There are various factors that must be discussed before purchasing property. One needs to consider factors such as economic growth outlook, interest rates, job security, demand, credit supply etc, understand the overall dynamics of the real estate sector.
Rough estimates show that out of the total 100 percent real estate market the residential segment weightage is approximately 75 percent whereas 20 percent is commercial office spaces and balance 5% comprises retail, hospitality.
The mid market residential segment (residential properties between Rs 15 – 50 lakh) represents nearly 85% of total mortgage disbursements in India. Therefore, the mid market residential segment represents nearly 64% of the market. Almost 55% of mortgage finance disbursement for residential properties happens within the top seven cities and the balance 45% is shared by the whole country.
There was a dearth of two to three bedroom properties within this range of Rs 15 – 50 lakh within the greater metropolitan areas of major cities. Easy supply of money from equity capital sources created an artificial demand of land for the development of large township projects and SEZs. Everybody started announcing huge and multiple projects but ignored the calculation, execution and delivery capability perspective involved.
Most developers started projects 10 – 20 times the total square footage of what they had delivered in the last 20 – 30 years. The various sources of institutional capital lapped up the story. However critical considerations like the nature and kind of organisation structure, management bandwidth, labour, capital equipment, machinery, project time were ignored.
The pricing of residential projects went up by 400 – 500 percent in most cities between 2006 – 2008. Interest rates also went up from an all time low of 7.00 percent, 20-year fixed mortgage to as high as 13.75 percent floating rate in 2008. This put a lot of strain on affordability.
The stock market crash and job insecurity that followed the Lehman Brothers fiasco, drove away investors and actual buyers. The credit tightening from domestic banks and marked to market losses started reflecting on credit supply to the sector and the market went dead.
Developers came stress with no cash flows from the sale of projects and rentals of commercial office spaces and retail spaces also dipped by as much as 50% and everybody started playing the waiting game and bottom fishing to get back into the market.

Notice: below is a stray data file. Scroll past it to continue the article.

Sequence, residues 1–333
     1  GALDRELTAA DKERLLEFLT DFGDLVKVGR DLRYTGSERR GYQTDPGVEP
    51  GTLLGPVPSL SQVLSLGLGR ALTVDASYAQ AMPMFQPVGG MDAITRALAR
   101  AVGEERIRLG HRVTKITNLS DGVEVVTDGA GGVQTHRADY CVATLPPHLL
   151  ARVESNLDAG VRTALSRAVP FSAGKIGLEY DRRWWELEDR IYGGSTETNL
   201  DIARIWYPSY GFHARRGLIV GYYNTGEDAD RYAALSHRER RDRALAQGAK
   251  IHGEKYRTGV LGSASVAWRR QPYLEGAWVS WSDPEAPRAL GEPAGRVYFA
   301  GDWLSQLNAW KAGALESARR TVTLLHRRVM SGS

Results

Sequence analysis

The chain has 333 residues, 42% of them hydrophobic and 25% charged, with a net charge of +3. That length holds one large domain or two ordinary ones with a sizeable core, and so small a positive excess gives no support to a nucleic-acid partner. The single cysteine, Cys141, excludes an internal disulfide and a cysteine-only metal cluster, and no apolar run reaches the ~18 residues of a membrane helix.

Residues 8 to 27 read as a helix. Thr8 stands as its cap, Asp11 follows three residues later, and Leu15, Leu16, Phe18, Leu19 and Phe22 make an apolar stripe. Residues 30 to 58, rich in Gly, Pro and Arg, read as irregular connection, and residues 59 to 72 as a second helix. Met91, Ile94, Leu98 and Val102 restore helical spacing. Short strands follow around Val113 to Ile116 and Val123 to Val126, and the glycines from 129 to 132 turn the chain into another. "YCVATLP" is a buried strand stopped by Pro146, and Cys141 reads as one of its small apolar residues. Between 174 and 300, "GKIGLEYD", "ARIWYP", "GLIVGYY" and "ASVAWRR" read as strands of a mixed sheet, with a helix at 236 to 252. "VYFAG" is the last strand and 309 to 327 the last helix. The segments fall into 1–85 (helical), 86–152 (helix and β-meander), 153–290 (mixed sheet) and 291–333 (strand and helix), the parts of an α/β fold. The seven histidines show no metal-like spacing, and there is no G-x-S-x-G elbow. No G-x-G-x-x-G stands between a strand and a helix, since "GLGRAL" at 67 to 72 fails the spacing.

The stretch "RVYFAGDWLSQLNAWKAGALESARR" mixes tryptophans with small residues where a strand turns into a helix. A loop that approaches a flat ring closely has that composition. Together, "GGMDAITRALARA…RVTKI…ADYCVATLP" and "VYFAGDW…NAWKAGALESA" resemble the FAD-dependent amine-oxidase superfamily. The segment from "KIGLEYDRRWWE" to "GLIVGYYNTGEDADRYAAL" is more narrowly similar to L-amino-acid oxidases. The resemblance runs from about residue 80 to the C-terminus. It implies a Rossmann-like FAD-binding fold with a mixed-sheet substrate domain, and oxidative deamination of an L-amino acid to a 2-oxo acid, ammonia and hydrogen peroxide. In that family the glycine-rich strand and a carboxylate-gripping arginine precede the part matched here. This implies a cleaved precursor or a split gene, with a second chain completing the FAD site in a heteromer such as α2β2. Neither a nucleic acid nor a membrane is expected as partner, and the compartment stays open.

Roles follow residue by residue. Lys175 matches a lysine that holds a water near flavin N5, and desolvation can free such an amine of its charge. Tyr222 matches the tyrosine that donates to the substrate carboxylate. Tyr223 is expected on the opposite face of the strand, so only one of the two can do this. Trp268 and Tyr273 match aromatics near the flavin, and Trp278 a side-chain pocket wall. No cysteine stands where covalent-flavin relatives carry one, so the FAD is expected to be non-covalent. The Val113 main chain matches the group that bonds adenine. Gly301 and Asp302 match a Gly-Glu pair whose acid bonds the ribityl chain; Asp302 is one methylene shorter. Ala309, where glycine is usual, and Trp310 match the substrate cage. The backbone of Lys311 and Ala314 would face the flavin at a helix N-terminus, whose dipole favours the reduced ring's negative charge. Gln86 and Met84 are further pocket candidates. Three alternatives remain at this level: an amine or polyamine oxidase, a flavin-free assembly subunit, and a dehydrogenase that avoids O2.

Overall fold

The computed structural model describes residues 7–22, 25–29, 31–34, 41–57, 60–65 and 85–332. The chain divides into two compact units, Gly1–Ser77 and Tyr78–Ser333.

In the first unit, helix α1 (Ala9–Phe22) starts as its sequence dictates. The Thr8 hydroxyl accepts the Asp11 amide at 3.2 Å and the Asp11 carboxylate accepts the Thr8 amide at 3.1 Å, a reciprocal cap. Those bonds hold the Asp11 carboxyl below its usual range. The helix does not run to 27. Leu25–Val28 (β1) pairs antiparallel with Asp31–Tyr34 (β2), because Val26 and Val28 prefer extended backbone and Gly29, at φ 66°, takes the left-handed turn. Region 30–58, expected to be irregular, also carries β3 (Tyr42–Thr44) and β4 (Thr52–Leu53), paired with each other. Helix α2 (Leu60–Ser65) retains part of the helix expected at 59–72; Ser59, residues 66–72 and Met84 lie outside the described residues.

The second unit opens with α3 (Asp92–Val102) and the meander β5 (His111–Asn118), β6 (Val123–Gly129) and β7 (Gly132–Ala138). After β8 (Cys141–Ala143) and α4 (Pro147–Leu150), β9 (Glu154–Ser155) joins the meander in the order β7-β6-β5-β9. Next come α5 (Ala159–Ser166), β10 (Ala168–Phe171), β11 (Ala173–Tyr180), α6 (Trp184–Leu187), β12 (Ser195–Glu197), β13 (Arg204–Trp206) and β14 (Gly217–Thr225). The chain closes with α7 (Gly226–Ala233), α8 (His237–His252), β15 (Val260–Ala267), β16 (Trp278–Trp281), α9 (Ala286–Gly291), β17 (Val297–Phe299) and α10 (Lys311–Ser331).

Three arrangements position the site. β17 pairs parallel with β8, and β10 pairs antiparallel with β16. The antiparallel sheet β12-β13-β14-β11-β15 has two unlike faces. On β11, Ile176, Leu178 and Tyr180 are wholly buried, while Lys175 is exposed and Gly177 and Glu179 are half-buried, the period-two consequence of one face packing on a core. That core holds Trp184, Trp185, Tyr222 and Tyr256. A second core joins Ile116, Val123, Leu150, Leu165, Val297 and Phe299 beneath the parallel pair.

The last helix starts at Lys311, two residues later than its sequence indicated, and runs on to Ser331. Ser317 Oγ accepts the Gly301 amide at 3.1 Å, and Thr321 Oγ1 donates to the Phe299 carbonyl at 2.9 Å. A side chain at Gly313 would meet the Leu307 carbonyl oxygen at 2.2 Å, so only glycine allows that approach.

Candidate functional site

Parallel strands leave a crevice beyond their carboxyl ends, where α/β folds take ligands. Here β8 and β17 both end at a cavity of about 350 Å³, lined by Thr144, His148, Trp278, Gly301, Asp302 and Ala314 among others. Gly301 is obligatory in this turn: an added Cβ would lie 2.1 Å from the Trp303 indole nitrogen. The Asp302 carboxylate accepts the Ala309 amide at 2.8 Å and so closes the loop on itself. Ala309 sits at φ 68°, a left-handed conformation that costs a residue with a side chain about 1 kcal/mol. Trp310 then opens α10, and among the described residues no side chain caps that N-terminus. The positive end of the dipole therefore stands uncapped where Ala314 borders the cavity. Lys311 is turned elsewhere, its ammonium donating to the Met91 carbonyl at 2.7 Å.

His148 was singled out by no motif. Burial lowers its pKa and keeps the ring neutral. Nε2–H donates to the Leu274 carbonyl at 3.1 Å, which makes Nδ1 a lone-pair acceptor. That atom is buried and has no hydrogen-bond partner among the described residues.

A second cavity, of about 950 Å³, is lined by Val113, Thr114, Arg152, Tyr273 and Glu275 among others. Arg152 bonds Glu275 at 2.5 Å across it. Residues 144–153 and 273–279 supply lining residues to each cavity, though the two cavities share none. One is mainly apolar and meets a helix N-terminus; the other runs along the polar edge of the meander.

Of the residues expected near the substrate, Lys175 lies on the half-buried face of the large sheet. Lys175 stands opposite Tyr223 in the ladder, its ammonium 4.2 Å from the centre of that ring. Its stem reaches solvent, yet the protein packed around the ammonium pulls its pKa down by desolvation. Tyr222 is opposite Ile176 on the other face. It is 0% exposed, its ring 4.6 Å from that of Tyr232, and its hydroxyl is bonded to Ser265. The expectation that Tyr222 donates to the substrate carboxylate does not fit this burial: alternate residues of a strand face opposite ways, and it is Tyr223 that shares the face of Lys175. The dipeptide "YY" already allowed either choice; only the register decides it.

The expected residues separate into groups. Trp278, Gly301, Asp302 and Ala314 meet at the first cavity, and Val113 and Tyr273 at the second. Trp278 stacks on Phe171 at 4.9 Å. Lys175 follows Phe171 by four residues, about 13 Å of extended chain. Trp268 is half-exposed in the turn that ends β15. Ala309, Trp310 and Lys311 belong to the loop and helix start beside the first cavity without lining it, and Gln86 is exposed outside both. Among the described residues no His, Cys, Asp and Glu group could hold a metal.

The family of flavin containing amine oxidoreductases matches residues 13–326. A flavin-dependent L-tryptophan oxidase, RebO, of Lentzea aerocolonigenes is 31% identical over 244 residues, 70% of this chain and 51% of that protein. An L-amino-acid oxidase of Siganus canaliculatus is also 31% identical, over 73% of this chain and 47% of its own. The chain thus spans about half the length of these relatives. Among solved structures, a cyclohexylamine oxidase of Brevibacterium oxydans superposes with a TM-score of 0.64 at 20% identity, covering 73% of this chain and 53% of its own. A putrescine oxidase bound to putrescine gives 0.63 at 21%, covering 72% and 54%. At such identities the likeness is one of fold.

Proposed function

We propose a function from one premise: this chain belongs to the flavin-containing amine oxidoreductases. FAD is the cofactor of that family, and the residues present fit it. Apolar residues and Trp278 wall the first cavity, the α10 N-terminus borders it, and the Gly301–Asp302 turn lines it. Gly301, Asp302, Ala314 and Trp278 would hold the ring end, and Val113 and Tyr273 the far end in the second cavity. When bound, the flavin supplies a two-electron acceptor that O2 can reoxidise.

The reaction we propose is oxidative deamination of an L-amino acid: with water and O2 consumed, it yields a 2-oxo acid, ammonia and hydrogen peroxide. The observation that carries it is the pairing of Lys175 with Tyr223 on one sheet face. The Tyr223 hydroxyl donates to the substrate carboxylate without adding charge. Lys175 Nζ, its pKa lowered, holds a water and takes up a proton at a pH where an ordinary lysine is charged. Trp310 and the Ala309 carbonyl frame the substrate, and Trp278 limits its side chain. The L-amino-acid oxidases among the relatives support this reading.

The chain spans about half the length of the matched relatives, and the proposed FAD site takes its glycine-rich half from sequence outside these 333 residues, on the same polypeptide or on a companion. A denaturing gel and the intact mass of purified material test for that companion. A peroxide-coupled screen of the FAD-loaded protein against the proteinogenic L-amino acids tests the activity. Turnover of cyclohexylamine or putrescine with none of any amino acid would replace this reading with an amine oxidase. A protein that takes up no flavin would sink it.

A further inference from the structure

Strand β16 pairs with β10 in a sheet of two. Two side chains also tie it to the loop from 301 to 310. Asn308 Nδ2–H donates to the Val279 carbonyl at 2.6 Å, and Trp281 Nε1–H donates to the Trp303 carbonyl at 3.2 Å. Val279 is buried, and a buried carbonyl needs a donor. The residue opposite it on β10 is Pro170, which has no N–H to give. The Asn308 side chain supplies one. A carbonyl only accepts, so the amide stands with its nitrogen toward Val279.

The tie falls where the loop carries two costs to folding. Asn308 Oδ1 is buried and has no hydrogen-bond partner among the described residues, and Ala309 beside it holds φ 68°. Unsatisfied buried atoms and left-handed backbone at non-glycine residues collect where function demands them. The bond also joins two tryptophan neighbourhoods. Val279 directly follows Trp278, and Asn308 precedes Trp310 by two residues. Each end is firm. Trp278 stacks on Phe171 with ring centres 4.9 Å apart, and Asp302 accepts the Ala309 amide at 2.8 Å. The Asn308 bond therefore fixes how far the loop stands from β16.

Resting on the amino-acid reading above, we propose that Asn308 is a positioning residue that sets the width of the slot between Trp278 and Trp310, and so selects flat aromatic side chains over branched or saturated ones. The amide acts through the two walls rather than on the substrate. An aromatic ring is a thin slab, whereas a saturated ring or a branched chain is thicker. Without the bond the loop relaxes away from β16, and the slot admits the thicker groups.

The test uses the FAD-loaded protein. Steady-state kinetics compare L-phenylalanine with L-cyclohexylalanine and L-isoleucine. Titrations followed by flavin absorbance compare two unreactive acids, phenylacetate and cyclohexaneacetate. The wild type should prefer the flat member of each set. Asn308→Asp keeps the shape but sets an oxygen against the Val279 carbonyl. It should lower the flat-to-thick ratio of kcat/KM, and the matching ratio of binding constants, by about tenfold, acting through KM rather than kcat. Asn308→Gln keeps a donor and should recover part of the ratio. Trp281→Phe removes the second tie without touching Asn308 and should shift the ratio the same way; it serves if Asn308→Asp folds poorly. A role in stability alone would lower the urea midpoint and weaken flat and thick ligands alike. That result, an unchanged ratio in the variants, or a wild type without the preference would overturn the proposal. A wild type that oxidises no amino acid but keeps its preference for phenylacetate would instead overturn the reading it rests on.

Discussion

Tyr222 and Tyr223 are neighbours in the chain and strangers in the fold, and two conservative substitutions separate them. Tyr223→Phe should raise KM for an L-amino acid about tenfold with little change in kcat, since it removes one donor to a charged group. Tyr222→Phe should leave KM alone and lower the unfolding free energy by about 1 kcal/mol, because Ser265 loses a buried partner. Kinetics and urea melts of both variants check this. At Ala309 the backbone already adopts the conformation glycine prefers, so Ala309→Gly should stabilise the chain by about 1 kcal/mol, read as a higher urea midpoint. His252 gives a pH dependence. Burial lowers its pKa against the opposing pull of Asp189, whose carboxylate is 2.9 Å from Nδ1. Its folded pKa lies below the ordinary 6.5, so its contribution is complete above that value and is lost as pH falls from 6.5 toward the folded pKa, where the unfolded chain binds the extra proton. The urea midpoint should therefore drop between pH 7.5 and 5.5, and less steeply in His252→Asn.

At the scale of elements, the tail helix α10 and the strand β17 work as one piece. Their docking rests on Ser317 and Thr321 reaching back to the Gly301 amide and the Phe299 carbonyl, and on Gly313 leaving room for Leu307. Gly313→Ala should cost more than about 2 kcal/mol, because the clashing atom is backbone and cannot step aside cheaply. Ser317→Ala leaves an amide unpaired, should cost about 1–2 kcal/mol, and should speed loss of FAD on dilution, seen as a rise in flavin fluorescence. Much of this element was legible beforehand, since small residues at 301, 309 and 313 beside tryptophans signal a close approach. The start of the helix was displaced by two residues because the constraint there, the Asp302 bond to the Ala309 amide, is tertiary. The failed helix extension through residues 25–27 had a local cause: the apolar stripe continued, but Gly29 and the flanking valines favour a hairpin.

The most credible development companies, in the absence of retail buyers, could not find capital to complete under-construction projects. This led to delays and temporary abandoning of projects. Developers were forced to rethink strategies to get back cash flows and improve sales. This led to developers having a “Eureka” moment about affordable housing.
Luckily for the markets better sense has now prevailed and several developers are re-pricing projects downwards and repositioning them as affordable housing. The banks have also selectively started lending to developers, albeit in small amounts and with strict performance criteria. The banks have also brought down interest rates and also restructured debts. This has slowly brought buyers to the market.
The worst seems to be over for the mid-market residential real estate asset class, although the same is not yet true for commercial office spaces and retail malls. This segment essentially drives cash flows as well as the major chunk of demand. This segment is also one which gets maximum bookings from actual user market rather than the investor bookings in percentage terms. Therefore, it is the lead segment in driving real estate markets. Unfortunately, it was the most neglected segment during the bull run of 2006 – 2008.
Now that most developers have realised that this segment is bringing back buyers who were left out to due to affordability issues during the bull run, cash flows are likely to improve. There have been a few launches of affordably priced projects, which have seen a positive response from actual users.
This has led to other developers following suit and taking advantage of the positive sentiment that has emerged towards affordable/mid market residential segment. The market will see a slew of such launches in the next three months to one year, giving ample choice to actual buyers. Prices will stabilize for a while.